Feed experiments

Recently, I've been experimenting with (e.g. RSS or Atom) "feeds"; it's quite a nice technology which I've largely ignored while consuming. (I've had problems getting feeds to work on the "Joomla!" CMS including the photos from a gallery plug-in -- only the processing directives for the plug-in turned up -- but that's rather on the producing side.)

With this technology, the computer/program can process items (articles, comic strips, or also just any kind of repeating or automated information that may be useful to someone regularly?) from a web-site piece-by-piece (instead of web page-wise). This enables different possibilities, from sending as emails (ugh! want to get away from emails, not get even more of them!) to live-showing as Desktop notifications; but the most popular application maybe is the "Feed Reader".

Currently, I'm experimenting with the "Feedbro" Firefox web-browser extension on the Desktop/Notebook/PC, and the "Feeder" Android-App from the f-droid repository of free and open-source software, on mobile. I'm trying to have only few/lightweight feeds on the mobile app, as it's easy to get overwhelmed with information while using a feed reader, and may be impossible (or undesirable) to catch up, after missing out for a few days (as also suggested by a friend who tried using an RSS reader multiple times but ended up never looking at it again, due to this problem).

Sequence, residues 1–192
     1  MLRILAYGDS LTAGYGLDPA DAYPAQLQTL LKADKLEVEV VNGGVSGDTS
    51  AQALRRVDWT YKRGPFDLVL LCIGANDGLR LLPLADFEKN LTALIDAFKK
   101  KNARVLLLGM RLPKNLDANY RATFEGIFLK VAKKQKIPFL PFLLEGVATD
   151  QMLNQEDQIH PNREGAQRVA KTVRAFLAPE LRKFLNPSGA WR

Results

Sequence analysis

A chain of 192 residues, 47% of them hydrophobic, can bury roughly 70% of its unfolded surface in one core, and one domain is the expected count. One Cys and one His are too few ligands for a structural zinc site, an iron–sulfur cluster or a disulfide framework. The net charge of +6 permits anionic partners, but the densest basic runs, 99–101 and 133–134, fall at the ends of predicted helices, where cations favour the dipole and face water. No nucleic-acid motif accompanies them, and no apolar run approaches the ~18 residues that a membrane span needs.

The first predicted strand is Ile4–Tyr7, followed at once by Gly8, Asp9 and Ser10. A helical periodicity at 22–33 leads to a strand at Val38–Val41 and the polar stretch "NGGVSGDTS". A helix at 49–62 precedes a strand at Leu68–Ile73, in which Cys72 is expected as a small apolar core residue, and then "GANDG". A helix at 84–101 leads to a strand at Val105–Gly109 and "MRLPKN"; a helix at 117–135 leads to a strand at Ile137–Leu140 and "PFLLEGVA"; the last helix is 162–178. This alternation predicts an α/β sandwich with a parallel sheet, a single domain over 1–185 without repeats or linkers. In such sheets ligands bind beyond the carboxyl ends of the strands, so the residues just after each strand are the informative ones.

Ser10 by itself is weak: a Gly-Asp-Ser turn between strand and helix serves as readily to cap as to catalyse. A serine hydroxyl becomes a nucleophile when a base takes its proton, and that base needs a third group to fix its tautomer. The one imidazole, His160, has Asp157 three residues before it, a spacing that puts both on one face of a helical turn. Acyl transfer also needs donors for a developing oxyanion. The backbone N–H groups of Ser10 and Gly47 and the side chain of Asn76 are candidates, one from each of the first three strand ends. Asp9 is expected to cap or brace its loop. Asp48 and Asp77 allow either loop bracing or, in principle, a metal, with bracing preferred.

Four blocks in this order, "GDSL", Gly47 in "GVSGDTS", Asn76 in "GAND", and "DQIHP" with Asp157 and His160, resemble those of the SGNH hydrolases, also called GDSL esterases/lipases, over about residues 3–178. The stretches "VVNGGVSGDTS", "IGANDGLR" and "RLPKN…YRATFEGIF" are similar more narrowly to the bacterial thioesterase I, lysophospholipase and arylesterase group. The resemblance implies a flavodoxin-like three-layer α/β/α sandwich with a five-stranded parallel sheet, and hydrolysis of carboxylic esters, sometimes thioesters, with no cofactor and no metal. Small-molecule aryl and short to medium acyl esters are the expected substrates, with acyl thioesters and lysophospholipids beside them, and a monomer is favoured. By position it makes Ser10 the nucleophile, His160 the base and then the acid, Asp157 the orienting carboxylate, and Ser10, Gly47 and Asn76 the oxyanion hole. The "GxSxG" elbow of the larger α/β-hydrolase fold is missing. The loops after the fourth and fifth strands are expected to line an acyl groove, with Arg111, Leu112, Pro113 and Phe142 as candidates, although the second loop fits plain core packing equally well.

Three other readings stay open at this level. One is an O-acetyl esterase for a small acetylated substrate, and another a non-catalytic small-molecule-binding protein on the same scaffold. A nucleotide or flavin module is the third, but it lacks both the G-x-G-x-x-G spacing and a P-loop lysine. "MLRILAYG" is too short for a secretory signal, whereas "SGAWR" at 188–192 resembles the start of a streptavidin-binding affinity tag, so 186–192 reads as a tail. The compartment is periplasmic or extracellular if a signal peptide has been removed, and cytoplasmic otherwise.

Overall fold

I'm not sure if I can keep up with what I've currently configured in the Desktop web browser, especially as some automated news items keep coming up again and again; though this may be a problem particular to Feedbro which I'm using there.

Here are some possibly-interesting feeds I've collected for the experimenting:

  • Humour:
  • Debian:
  • Oh dear, there are no other concrete resources left that I'd have liked to give as examples... (after eliminating what I'd not recommend to try (again))
  • Some more suggestions:

    • Log in to your GitHub profile and subscribe to your "private feed"; it should be something like: https://github.com/ACCOUNTNAME.private.atom?token=...

    • Subscribe to your own website/blog/... (if it got a feed) to learn about, e.g., comments in a timely manner. Maybe also the sites you're an admin for.

    • If you care about a specific Debian package's evolution, perhaps due to having contributed to it, you can subscribe to its Debian package news,
      e.g., https://tracker.debian.org/pkg/PACKAGENAME/rss
      (via https://tracker.debian.org/pkg/PACKAGENAME).

      Be warned, though, that at least Feedbro (see above) sees the frequent automatic updates to automatically generated "action items" as a completely new post, all the time. It might therefore help to add an early, non-fallthrough rule to automatically mark as read everything whose article URL starts with https://tracker.debian.org/action-items/, or alternatively match against specific action-items instances by number.

    • Maybe subscribe to your favourite (or most recently discovered) Free Software project's news feed. It may be interesting, it may also be annoying, though ...

    • Or subscribe to the (e.g. GitHub) commits feed of your friend's long forgotten project; maybe it'll keep you up-to-date when/if it should become active again, or you'll have a nice test for how, e.g., Feedbro displays hundreds/thousands of days of inactivity in the feed stats...